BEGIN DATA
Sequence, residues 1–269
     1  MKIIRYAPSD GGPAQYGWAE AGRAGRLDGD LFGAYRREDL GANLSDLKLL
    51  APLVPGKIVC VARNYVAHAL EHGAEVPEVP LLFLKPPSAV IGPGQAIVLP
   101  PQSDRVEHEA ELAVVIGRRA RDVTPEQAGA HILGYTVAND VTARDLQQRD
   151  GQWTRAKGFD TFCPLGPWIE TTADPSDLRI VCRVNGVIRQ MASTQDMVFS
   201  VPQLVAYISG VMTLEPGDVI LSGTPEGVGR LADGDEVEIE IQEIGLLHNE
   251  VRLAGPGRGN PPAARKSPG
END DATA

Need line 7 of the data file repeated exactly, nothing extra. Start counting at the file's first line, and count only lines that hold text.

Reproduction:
   251  VRLAGPGRGN PPAARKSPG